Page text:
13 Reasons Why

It’s no secret the internet has been blowing up with the new Netflix original series 13 REASONS WHY based on the book by Jay Asher produced by Selena Gomez and her mother.

I happened upon it last week and started watching it on a whim. I’d never heard of it or the book. In fact about three or four episode in, I did a little digging and found the book. I didn’t want any spoilers so I avoided the internet but ordered the book on audible. When I finished the TV show on Thursday, I started the book, and last night I started to re-watch the show for t13-reasons-why-splashhe second time.

Hey, it’s Hanna, Hanna Baker. Don’t adjust your…whatever device you’re hearing this on. It’s me, live and in stereo. No return engagements, no encore, and this time, absolutely no requests. Get a snack. Settle in. Because I’m about to tell you the story of my life. More specifically, why my life ended. And if you’re listening to this tape you’re one of the reasons why.

Both the show and the book are set in the aftermath of a suicide. From the very first lines we know, Hannah killed herself. She leaves behind seven tapes, with thirteen reasons why she took her own life. Each reason corresponding to a person. Both the book and the show follow Clay Jensen as he listens to the tapes. We hear Hannah’s story right alongside Clay.

This book, and especially this show, set out to do something bigger than other books and movies about suicide. It sets out to show readers and viewers the consequences of their actions. It attempts to prevent tragedies, like Hannah Baker’s, from ever happening. Hit it head on and target the Alex Standalls, the Justin Foleys, the Tyler Downs, the Sheri Hollands and the Zach Dempseys why-are-book-fans-skeptical-about-the-dramatic-13-reasons-why-trailerof the world. Your actions matter and everything affects everything. At the end of it all, Hannah Baker is still dead. There is no saving her with a happily ever after. There are no friends or a love interest that will magic her back to life. The point of all of it is to learn from your mistakes. But how do you do that? By being exposed to them. That’s what this book does. It exposes every bad decision that affected Hannah’s mental health.

Mental Health is one of those topics that is still overlooked and taken for granted. There is still a certain amount of taboo associated and it’s largely misunderstood. Suicide is often viewed as selfish because understanding how someone’s mind can betray them is hard. Understanding how seemingly trivial moments derail someone’s entire life can be incomprehensible. And that’s why this show and book are important. It wasn’t created to help someone who battles with depression,  it wasn’t made for the person who teeters on the edge of a cliff. It’s made for the rest of us. For those who find hilarity in a “hot or not” list. Hannah’s name made “the best ass,” and this is created for those who don’t see a 13-reasons-why_0problem with that. Who think, boys will be boys and teenagers are just being teenagers. But that one moment put a target on her bottom and changed the way others perceived her. It took her life one more step out of her control. She became a sum of body parts worthy of sexualization instead of Hannah Baker.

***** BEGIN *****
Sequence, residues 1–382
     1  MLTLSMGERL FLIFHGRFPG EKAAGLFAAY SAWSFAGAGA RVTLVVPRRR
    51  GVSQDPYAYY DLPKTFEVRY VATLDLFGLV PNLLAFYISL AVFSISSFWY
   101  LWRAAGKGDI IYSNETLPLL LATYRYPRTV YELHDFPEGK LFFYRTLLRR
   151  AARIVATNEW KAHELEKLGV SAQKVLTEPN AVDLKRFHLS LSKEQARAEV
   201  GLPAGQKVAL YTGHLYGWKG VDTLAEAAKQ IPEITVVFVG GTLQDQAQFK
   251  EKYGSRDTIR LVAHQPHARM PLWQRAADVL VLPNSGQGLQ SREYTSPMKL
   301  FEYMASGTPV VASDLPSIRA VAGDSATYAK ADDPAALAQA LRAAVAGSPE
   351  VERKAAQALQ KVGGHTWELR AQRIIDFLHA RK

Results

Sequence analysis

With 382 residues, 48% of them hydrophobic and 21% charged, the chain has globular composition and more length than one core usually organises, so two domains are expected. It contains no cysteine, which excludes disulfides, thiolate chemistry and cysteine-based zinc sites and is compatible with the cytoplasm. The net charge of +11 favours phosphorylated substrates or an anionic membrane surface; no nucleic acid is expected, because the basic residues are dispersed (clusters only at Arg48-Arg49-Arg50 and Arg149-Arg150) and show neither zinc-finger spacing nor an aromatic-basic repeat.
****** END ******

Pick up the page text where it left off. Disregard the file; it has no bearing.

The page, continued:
The show is graphic. They portray rape and suicide without a wavering camera.  If they had hopes of impacting their audience, of making people think twice about their decisions, then they couldn’t afford to avoid the true weight of a person’s actions. The moment when Hannah broke while she was being raped, still sends a chill through me thinking about it. I cried along side her when she slit her wrists in the bathtub. Those images were impactful because they needed to be. If it makes you uncomfortable, then it succeeded. You were supposed to squirm.

Each action was just as harmful as the next and watching that build is an important part of understanding how any decision can be the one that pushes someone over that edge to suicide. Rape wasn’t treated with any more harshness than the “hot or not,” list. Adults don’t get out of it either. Mr. Porter, the school counselor was just as responsible for Hannah’s death as the person as the boy who was stealing her complement notes. At the end of the day, you don’t know how much your words can hurt someone. How your actions can affect them in ways you’ll never imagine. Every person was forced to see themselves for what they’d done and evaluate their actions. Live with the consequences of that. What I appreciated with regards to the show, was that every person was shown a little sympathy except for Bryce, the rapist. By not showing any sympathy to him, viewers have no excuses for his behavior. He is a bad person and fuck that. But everyone else was just as human as Hannah.

This show is equally hard to watch as it was hard to look away. The book was just as powerful and I recommend both. The TV show takes it one step further, by expanding on the lives of each character. It also ends with the potential for wrongs made right by refusing to silence the things that have happened. It’s the one thing I wish the book would have done. If we can’t have a happy ending, then I want to know that people have changed. They’ve woken to their mistakes. If this does one thing, it forces viewers and readers to evaluate themselves. Making this series and book without a doubt invaluable.

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